factor(x) > x [1] 1 Levels: [1] 1 Levels: 5 5 NA 8 1 5 8 NA 8 1 5 8 NA > factor(x. take the parameter na. If the vector is not a factor.0 4 120 56 1530 Chapter 8 has further details on the use of sapply().1 Numbers of NAs in subgroups of the data The following gives information on the number of NAs in subgroups of the data: > table(rainforest$species. 2.factor(x. 2. range. For example: > sapply(rainforest[.rm. on whether or not the vector is a factor. na. myrtifolia 6 0 15 1 10 12 11 10 Thus for Acacia mabellae there are 6 NAs for the variable branch (i. barley$site) Grand Rapids Duluth University Farm Morris Crookston Waseca 1932 10 1931 10 10 10 10 10 10 10 10 10 10 10 WARNING: NAs are by default ignored. number of branches over 2cm in diameter).8) > x <. !is. fraseri Acmena smithii B. specify exclude=NULL. If the vector is a factor then it is necessary to generate a new factor that includes “NA” as a level. and a number of other functions. This can be changed in the course of a session. annoyingly. Specify one vector of values (often a factor) for each table margin that is required.5.3 24.rm=TRUE as a third argument to the function sapply.exclude=NULL) 2.na(rainforest$branch)) FALSE TRUE Acacia mabellae C.e. called databases. Specify x <. The action needed to get NAs tabulated under a separate NA category depends. For example > range(rainforest$branch.-7]. This argument is then automatically passed to the function that is specified in the second argument position.7. na.NA.17 The functions mean() and range(). There is an example that shows how to use it to count the number of missing values in each column of data. then determine the range One can specify na.GlobalEnv" "package:methods" "package:stats" .] [2.] 4 3 8 105 2 135 0.7 Making Tables table() makes a table of counts. out of a total of 16 data values.exclude=NULL) > x <. type: > search() [1] ".c(1.rm=TRUE) dbh wood bark root rootsk branch [1. For example: > library(lattice) # The data frame barley accompanies lattice > table(barley$year.8 The Search List R has a search list where it looks for objects. To get a full list of these directories.rm=TRUE) [1] 4 120 # Omit NAs.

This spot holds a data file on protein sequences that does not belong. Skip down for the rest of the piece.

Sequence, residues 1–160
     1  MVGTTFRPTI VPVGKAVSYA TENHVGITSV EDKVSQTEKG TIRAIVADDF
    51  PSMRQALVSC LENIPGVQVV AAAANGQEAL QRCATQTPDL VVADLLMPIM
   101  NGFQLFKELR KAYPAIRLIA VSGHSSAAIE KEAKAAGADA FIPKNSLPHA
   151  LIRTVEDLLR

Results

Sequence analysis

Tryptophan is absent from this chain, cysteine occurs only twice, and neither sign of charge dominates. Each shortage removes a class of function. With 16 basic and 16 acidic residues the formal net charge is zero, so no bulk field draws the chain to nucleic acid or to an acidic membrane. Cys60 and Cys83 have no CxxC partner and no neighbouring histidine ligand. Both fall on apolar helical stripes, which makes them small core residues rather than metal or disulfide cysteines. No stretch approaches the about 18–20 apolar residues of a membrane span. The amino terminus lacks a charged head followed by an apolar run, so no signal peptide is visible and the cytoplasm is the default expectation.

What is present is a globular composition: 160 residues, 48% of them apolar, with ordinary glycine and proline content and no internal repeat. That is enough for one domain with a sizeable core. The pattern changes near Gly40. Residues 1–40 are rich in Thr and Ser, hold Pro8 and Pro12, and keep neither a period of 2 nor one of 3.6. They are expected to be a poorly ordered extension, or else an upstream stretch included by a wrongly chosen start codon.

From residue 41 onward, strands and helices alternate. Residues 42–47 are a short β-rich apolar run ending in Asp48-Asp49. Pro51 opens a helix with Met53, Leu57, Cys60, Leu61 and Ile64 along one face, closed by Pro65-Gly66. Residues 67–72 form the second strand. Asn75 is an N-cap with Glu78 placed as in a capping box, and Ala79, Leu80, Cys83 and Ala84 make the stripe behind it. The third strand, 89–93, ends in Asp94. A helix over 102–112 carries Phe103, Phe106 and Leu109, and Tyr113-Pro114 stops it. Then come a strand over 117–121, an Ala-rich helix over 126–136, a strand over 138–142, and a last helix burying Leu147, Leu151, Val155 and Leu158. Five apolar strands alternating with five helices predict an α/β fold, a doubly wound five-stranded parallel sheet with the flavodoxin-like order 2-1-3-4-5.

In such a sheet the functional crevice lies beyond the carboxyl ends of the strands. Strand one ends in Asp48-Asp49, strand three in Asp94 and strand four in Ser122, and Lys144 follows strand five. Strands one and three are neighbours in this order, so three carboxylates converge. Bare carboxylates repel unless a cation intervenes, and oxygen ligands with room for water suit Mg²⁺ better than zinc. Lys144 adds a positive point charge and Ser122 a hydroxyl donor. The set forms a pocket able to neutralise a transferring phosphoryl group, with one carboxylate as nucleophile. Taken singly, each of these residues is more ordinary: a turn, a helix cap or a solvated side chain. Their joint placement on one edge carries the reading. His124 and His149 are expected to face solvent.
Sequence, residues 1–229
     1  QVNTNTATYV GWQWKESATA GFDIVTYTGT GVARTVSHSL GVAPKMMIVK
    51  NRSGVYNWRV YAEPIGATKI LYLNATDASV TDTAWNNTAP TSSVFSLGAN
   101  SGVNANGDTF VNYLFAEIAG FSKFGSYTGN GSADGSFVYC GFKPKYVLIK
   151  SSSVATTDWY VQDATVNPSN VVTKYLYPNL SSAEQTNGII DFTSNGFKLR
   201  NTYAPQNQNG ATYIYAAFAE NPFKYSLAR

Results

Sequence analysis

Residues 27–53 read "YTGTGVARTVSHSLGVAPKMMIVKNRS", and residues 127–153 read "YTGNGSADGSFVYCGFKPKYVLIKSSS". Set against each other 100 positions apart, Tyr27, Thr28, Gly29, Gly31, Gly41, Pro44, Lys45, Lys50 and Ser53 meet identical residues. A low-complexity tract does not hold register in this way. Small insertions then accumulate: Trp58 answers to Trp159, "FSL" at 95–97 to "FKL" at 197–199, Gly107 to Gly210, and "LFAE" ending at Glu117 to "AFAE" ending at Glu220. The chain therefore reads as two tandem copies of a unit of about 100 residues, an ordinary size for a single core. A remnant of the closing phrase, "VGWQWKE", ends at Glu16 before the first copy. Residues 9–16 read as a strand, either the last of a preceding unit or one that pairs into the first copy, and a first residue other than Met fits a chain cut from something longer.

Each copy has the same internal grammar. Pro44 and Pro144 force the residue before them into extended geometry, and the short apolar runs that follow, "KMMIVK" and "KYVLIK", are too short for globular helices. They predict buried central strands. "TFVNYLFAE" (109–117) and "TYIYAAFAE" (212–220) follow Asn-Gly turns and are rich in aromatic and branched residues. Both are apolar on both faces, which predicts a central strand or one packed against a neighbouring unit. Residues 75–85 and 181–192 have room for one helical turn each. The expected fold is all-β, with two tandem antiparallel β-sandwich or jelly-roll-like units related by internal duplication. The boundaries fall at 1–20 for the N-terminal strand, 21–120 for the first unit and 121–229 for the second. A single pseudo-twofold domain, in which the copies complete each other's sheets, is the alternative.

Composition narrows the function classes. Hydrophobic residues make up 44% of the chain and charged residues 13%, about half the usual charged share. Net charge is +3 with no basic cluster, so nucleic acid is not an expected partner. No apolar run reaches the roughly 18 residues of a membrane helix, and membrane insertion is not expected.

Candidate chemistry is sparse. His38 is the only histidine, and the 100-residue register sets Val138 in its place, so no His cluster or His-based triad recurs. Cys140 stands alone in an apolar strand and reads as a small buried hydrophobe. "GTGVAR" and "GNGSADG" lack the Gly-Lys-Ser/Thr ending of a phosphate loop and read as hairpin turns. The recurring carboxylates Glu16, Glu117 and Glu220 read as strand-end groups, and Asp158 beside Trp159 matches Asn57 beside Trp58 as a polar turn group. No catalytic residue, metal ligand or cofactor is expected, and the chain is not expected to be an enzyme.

BUCHANAN.with(primates. This is however an uncommon construction .18 [4] "package:graphics" [7] "package:datasets" "package:grDevices" "package:utils" "Autoloads" "package:base" Notice that the loading of a new package extends the search list. e. specify detach("florida") 18 Alternatively a return value may be given using an explicit return() statement. Remember to detach an attached data frame. detach(primates). which is searched as required for objects that the user may specify.GlobalEnv" [4] "package:stats" [7] "package:utils" [10] "package:base" "package:MASS" "package:graphics" "package:datasets" "package:methods" "package:grDevices" "Autoloads" Use of attach() likewise extends the search list. when it is no longer required. in miles The function will do the conversion for several distances all at once.RData) files (the file name is placed in quotes). For example: > av <. The following plots the vote for Buchanan against the vote for Bush. This function can be used to attach data frames or lists (use the name.9 Functions in R We give two simple examples of R functions. Note also the function with(). attach(florida) plot(BUSH.to. > library(MASS) > search() [1] ". Use the function thus > miles. mean(Bodywt)) 2.8 52. The following demonstrates the attaching of the data frame primates: > names(primates) [1] "Bodywt" > Bodywt Error: Object "Bodywt" not found > attach(primates) > Bodywt [1] 10. To convert a vector of the three distances 100.km(c(100.to. county by county in the state of Florida. 200 and 300 miles to distances in kilometers.to.2 A Plotting function The data set florida has the votes in the 2000 election for the various US Presidential candidates. xlab="Bush". without quotes) or image (. 2.9.2 # R will now know where to find Bodywt "Brainwt" Once the data frame primates has been attached. In technical terms. the data frame becomes a database.km(175) [1] 280 # Approximate distance to Sydney.0 207.9.0 6.0 62. its columns can be accessed by giving their names.. ylab="Buchanan") detach(florida) # In S-PLUS.g.200. specify: > miles.km <. without further reference to the name of the data frame. which attaches the data frame that is given as its first argument for the duration of the calculation that is specified by its second argument.function(miles)miles*8/5 The return value is the value of the final (and in this instance only) expression that appears in the function body18.300)) [1] 160 320 480 2.1 An Approximate Miles to Kilometers Conversion miles.